by Hannah Paxton ’19
College is the time where you make what is arguably the most important choice in your life: what you are going to major and / or minor in. It makes sense; the major you choose now determines the path you take from the moment you graduate school. That’s why it’s so important to choose something you actually love, not what you think you should love.
There is constant pressure placed on college students to pick a major that suits your career aspirations, a major that will provide you with a sense of security. But it would seem as though this idea of career aspirations is lost on us. We forget about working towards a job that we want and focus instead on the concept of “job” alone.
We are afraid, and rightfully so. The world of adulthood can be a scary place, even just to think about. We don’t want to transition from the realm of late night studying and early morning classes, as difficult as it is, to some place completely different, where we don’t have the luxury of excusing ourselves as children. That alone is reason enough for anyone to be worried about the decisions they make concerning their future.
But it doesn’t have to be that way. True, money is important, but your happiness is even more so. It’s easy to declare a finance major or a business studies minor with the justification that it will guarantee you a good job with a high salary after college, but when doing so ask yourself, money and security aside, do you really want this?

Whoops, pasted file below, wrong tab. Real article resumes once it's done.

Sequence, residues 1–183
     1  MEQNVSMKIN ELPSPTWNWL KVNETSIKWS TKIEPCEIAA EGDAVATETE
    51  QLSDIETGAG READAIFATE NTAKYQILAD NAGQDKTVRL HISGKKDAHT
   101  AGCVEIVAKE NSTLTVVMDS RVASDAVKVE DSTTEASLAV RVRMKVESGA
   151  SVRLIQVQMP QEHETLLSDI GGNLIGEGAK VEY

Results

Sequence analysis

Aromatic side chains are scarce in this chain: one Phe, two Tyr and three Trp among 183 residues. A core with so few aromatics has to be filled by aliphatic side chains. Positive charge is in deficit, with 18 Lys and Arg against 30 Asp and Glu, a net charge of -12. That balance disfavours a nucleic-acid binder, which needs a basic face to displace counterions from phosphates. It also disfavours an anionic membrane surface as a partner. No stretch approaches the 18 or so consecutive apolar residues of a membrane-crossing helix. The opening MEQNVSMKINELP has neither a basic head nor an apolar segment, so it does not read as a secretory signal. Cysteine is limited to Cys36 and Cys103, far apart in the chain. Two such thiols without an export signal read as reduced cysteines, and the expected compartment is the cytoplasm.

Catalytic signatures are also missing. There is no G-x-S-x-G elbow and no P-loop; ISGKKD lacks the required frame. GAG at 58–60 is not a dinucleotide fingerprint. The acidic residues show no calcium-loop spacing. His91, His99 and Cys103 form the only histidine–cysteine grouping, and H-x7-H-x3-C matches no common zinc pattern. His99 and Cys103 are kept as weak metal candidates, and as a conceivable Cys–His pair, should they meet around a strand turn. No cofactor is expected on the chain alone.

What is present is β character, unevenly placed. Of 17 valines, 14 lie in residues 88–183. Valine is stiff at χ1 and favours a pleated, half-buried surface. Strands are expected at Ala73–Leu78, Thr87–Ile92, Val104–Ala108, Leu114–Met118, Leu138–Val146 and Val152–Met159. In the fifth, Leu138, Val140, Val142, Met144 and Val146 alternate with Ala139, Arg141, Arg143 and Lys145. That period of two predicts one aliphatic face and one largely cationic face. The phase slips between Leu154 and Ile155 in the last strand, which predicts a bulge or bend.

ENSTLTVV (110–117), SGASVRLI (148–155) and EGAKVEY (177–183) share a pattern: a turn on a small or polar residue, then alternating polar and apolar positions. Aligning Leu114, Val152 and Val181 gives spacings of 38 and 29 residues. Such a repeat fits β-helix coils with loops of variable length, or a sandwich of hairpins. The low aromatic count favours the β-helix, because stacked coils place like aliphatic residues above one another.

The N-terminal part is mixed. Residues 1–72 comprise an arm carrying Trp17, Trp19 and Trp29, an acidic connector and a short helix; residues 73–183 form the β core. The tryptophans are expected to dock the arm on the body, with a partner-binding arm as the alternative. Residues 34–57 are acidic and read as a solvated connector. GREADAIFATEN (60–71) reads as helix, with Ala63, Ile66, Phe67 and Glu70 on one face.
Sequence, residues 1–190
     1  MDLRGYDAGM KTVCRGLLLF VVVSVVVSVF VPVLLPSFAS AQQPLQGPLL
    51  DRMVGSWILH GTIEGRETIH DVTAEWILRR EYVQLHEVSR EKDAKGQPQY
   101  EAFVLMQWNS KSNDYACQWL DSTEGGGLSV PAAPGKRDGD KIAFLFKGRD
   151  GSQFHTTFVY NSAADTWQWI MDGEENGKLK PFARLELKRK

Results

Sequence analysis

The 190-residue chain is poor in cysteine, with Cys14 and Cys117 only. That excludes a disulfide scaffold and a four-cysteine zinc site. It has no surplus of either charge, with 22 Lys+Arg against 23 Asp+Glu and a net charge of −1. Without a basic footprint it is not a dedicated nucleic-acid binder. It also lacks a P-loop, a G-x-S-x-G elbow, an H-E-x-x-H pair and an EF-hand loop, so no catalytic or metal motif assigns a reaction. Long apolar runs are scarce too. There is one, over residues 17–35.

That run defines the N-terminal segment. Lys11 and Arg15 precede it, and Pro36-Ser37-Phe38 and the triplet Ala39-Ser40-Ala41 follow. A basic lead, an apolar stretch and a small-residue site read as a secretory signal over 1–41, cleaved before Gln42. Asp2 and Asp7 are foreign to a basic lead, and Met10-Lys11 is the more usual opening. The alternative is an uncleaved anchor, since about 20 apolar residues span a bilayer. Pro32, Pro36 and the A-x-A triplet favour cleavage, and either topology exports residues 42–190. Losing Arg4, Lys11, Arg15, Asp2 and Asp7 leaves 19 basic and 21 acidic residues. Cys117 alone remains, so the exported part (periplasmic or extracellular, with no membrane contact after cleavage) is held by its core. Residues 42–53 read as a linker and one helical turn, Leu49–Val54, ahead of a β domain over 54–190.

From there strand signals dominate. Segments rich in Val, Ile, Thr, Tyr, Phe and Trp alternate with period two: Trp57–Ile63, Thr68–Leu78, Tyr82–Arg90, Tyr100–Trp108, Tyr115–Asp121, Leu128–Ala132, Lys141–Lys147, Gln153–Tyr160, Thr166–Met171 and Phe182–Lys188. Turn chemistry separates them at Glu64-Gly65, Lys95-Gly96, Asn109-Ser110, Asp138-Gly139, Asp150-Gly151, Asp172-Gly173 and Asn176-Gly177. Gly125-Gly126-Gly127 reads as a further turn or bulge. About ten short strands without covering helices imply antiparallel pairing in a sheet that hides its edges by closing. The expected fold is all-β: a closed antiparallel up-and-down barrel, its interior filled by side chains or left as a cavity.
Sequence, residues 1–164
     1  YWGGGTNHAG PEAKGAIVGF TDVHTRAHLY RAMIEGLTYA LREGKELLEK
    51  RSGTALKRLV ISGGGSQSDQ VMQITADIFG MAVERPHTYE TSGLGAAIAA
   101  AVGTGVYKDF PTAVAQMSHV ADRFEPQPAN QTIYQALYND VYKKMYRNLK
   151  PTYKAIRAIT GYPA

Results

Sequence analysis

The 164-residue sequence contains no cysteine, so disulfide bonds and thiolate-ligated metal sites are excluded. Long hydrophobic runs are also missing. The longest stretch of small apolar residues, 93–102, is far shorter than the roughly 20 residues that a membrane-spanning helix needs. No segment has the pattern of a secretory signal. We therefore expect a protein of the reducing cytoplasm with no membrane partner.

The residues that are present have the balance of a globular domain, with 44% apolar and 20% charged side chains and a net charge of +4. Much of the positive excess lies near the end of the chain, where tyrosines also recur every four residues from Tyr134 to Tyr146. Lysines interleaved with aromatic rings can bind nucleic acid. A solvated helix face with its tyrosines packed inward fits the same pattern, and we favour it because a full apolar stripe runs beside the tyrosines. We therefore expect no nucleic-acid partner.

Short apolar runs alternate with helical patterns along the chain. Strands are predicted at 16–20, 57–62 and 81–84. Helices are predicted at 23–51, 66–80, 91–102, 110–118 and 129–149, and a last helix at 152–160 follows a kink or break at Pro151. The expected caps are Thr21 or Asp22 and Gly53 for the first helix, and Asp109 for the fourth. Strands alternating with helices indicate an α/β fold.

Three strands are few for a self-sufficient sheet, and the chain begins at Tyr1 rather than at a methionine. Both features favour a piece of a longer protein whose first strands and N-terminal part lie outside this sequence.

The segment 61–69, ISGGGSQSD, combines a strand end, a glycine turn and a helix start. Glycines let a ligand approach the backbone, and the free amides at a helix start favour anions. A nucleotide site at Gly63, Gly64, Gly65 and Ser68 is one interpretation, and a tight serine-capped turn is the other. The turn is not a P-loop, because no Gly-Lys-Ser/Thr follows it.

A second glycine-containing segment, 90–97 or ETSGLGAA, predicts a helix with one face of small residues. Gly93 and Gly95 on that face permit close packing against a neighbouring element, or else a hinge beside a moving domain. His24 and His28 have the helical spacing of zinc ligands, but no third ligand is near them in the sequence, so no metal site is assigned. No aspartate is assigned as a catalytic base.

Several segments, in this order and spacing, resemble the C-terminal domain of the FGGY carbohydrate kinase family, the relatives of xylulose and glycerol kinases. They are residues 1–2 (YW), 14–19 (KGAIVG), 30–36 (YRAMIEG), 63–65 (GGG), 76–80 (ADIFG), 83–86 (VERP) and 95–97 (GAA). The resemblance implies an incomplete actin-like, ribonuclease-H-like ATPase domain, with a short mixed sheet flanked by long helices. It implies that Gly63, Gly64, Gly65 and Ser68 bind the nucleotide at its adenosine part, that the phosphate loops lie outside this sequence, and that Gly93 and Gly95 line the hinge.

If the answer is yes then I think it’s safe to say that you found yourself the perfect major. If the answer is no then it’s time to reevaluate. Maybe courses like economics and biology don’t come easy to you, while history or Spanish do, and that’s okay. Maybe it’s true that some majors will guarantee you higher earnings than others, but that doesn’t mean that it’s a good enough reason to pursue it.
Say that you are someone more inclined to the humanities, but you opt for majoring in computer science and after graduating you get a job where you make a lot of money. If coding for hours upon hours a day doesn’t make you happy then it won’t be worth it. You might have more money, but you wouldn’t be as content as you would be if you were a teacher or a psychologist.
Wouldn’t it be better to have a job that you know you’ll be happy with for years and years to come as opposed to a job that you’re barely interested in and will want to end up quitting after a few months, even if that?
As cliché as it may sound, money most definitely will not buy you happiness. It might satisfy you temporarily, but in the long run it just isn’t possible, unless that money is coming from putting effort into something you enjoy. Finding a major that’s best for you is just the first step.